—Liam Neeson as Bryan Mills from Taken, 2008
You are Here » Reviews » Mission Park: Review
September 5, 2013
Mission Park: Review
— Posted by Andrea Lestrange
Mission Park doesn’t feel like your typical indie in content and style, but it is not an over-ambitious attempt in the slightest to be something that it is not. It feels more like a mainstream film, but in a completely natural and unassuming way. It is a confident storytelling approach about friendship, morality, and loyalty, with a predominantly Latino cast – one of the aspects that makes the film unique. Although the main characters are Latino the storyline is in no way exclusive, and it doesn’t focus on any specific culture, more just a specific story. It is about the people, and the relationships between them.
We are introduced to a group of chalk and cheese characters who, although are notably different in personalities, share that bond formed only with people you grew up with from a young age. We first see the four pre-adolescent boys – Julian, Derek, Jason, and Bobby sitting casually in a taqueria kicking about together. It turns sour. Off lime sour. An incident occurs that shapes the outlook and lives of these boys forever. From this moment on, the divide between the four friends becomes very apparent as they pair off, the good versus the bad, the moral versus the immoral, as they become police versus gangsters. However, they still remain brothers, or so it seems.
Bobby (Jeremy Ray Valdez), Jason (Walter Perez), Derek (Joseph Julian Soria) and Julian (Will Rothhaar), in addition to their impressive and heartfelt acting, provide some serious eye candy as the cute, the suave, the sexy, and the handsome, respectively. I definitely enjoyed watching this fantastic four, mmmhmm. (see above). The acting in general was strong, with particular credit to Walter Perez who seemed so incredibly natural and slotted into his character perfectly. Jeremy Ray Valdez was also predominantly memorable who we see act a broad variety of feelings and emotions such as fear, loss, pain, and love. The relationship between Bobby and his adopted brother Julian is deep and inspiring that two boys can stick together focused on the same positive path, repelled by the temptation of the fast paced illegitimate high life. Valdez and Rothhaar portray a genuine loving brotherly bond.
One of the great things about Mission Park is its capacity to appeal to all audiences – just because the vast majority of the cast is Latino doesn’t make this a restricted or specialized film at all. It is in no way a focus point, just a bunch of great up and coming actors portraying a believable story. It carries a positive message throughout about the way kids are brought up – how good morals can be ingrained from a young age. Although this is easier said than done and each personal situation differs, generally speaking it teaches that with the right support and backing you can do the right thing, be a model citizen, despite where you came from and where you grew up.
The flow and pace of the film is pretty consistent and easy to follow, it started off a little slow and tame, but this allowed a humble introduction into the lives of the four individuals, and worked as a good contrast for the second part of the film which picked up pace and excitement. At intervals, we are flashbacked into the childhoods of the four main protagonists, who each came from broken homes of a variety, be it drugs, abuse, alcohol or death. This was a nice touch as it enables the audience to empathize with the characters and the reasons for their actions. I have little to fault about Mission Park, as when you consider it as an independent film rather than a commercial film like it appears to be, it becomes an even more impressive achievement. I would have liked to have seen a bit more suspense in the film, and I feel that the ending was slightly far fetched for such a great movie throughout. Despite this Mission Park beams confidence, is well written, directed, and produced. It is not complex or pretentious, which makes it even more endearing.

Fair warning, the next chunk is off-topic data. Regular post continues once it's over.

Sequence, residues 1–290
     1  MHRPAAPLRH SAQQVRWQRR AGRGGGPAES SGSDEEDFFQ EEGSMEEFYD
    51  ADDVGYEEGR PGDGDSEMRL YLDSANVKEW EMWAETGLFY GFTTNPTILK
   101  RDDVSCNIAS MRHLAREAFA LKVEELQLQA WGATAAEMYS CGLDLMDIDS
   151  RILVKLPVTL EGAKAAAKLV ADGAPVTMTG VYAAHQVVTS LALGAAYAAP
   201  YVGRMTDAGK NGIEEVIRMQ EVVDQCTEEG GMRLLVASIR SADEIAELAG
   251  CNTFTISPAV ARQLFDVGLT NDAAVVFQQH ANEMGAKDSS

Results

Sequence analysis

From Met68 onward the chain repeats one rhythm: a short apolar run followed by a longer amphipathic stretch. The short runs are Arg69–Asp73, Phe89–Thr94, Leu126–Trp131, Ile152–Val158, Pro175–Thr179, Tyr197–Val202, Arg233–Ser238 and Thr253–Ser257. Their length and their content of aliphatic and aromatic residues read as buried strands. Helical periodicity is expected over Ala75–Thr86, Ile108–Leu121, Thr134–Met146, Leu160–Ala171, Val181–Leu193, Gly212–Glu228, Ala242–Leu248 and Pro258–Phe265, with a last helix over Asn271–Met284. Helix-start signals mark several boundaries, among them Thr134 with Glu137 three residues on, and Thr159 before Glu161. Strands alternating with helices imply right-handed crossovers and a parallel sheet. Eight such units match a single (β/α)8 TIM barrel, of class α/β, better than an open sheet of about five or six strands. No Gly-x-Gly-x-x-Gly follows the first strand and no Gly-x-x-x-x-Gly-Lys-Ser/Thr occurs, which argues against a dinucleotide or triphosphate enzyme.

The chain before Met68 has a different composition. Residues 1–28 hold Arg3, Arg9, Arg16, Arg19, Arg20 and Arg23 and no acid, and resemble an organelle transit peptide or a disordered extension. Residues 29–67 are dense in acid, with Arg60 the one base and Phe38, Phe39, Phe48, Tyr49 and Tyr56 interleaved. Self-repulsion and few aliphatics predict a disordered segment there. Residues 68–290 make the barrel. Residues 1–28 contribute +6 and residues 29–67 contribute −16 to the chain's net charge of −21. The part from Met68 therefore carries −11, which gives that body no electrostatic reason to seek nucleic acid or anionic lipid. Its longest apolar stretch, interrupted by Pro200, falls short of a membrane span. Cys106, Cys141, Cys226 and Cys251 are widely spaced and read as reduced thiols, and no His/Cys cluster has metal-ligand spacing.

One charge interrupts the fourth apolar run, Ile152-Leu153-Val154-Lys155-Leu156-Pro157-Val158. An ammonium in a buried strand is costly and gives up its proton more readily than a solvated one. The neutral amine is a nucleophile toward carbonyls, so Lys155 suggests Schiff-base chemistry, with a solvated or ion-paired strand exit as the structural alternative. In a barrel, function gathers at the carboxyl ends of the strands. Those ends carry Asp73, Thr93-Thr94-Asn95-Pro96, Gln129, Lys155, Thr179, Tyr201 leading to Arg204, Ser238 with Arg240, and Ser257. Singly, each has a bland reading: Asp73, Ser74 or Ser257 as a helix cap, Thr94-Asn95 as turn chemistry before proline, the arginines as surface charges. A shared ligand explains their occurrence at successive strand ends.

Mission Park tests relationships, explores emotions, and confronts morals. All very relatable things to the average person, which is why I strongly believe this film would appeal to most people who watch it, whatever your background. For anyone that can get to one of the AMC theatres below, I suggest making the time to see this film, you wont be disappointed!
Mission Park hits selected AMC Theatres from 6 September 2013:
Burbank 8, Burbank, CA
Universal City Walk 19, Los Angeles, CA
Norwalk 20, Norwalk, CA
Ontario 30, Ontario, CA
Orange 30, Orange, CA
South Bay Galleria 16, Redondo Beach, CA
Tyler Galleria 16, Riverside, CA
Galewood 14, Chigaco, IL
Cicero 14, Cicero, IL
Empire 25, New York, NYC
This post was written by :
I love to write about different types of film - from blockbusters, to indies, and documentaries. I enjoy exploring and discussing different themes and angles, with a light-hearted edge to keep things fun. I am based in London, and currently looking to pursue a career in the film industry.
Around the Web